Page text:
Pattern recognition and algorithms are not AI. Many animals capable of doing both are not intelligent. Flies for example, can recognize suspended food molecules in the air, then follow a genetically programmed algorithm to fly toward places with higher density of those molecules. It can then use a different algorithm to land on the food and ingest it. The process is by no means simple. However, most people would not consider flies to be intelligent.
        • 40 years ago, I was taught in school that Homo sapiens was the only intelligent species on the planet, because of tool use, self awareness and language.

          It isn't all that clear-cut. I liked my bio-professor's definition of "is it cruel?" - "if it doesn't try to get away from you while you do it, it's not cruel" said about passing an electrical current through sea urchins causing them to release their eggs and sperm into the water...

          Is the fly intelligent? More than many people seem to give it credit for.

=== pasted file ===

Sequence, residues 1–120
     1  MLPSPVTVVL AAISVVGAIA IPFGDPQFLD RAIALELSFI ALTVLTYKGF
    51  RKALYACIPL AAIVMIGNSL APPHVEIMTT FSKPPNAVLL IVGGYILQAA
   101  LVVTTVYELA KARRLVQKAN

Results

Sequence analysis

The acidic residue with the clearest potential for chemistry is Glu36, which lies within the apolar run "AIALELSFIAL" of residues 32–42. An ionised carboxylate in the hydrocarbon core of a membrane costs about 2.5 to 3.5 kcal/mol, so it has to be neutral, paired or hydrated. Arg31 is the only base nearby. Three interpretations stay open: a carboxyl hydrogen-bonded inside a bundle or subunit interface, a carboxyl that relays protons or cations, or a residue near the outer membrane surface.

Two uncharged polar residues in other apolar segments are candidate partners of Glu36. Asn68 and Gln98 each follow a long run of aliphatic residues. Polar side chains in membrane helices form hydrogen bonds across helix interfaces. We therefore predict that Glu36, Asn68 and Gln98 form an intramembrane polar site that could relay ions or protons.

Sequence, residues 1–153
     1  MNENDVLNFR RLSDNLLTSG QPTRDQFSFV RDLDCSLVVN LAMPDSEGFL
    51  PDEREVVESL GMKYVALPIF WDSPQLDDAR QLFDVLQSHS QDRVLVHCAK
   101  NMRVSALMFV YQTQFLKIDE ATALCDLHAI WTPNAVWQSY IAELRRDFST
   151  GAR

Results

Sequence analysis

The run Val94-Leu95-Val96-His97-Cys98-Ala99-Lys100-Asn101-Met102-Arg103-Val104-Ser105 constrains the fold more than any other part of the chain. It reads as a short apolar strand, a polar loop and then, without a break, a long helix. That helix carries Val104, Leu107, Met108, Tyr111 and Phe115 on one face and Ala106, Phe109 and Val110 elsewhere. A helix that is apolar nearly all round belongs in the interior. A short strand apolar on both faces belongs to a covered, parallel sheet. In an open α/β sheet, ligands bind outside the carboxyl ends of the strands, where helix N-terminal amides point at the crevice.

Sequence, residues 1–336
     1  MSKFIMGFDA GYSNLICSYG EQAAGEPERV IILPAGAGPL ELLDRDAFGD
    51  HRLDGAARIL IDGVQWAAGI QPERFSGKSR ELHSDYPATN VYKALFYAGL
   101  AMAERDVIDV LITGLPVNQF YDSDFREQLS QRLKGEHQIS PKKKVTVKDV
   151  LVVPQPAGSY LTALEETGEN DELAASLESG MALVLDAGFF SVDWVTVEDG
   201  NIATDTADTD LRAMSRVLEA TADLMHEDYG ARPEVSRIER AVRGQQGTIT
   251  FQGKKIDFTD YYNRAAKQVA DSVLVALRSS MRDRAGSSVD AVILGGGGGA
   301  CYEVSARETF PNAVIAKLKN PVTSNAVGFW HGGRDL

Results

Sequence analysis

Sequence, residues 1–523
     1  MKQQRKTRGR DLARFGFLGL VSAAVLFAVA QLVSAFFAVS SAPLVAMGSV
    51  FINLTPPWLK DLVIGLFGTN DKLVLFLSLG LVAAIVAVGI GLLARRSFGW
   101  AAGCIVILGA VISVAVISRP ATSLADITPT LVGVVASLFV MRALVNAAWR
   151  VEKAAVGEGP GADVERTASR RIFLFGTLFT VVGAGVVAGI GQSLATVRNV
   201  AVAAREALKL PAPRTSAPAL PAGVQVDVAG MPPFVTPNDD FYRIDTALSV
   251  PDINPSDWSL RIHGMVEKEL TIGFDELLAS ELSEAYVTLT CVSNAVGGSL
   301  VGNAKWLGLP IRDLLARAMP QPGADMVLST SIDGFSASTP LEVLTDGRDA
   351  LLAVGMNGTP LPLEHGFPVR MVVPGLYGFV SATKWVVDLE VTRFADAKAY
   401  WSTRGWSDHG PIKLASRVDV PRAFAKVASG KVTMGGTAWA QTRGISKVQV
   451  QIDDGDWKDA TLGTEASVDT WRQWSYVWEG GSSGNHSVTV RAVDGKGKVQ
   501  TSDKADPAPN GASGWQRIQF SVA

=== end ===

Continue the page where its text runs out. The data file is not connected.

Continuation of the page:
• So, 54% do not trust AI? The same way a couple hundred years ago people did no trust the science and medicine.

    Do they trust traffic signal? You know, that one that shows red to stop and green to drive. It is controlled by AI.

    Do they trust to fly a plane? Many people do. So, those planes are manned with the people who listen when AI tells them to change the altitude to avoid the collision. Well, a human pilot is not necessary, but people feel safer when human is managed by AI.

    They do no trust AI. But probabl

    • by creimer ( 824291 )

      Do they trust traffic signal? You know, that one that shows red to stop and green to drive. It is controlled by AI.

      The traffic signal has an algorithm (i.e., a series of instructions). Artificial Intelligence for a single traffic signal would be waste of resources. A network of traffic signals for an entire metropolitan area may one day be controlled by an Artificial Intelligence.

      • by AK Marc ( 707885 )
        I want one AI per traffic signal. They should have cameras in all 4 directions, and measure the number of cars (and speeds and such) in each way, and use a weighting algorithm to minimize the "cost" of those trying to pass through the intersection. Link the AIs from all the intersections for predictive signaling, and visualize 100% of the traffic in real-time to minimize travel cost of the network. 10,000 AIs at each intersection linked to each other could be called a single AI. But a central AI that's
        • by Jeremi ( 14640 )

          It's all fun and games until an AI realizes that a great way to increase the throughput of its intersection would be to keep the lights green in both directions at the same time.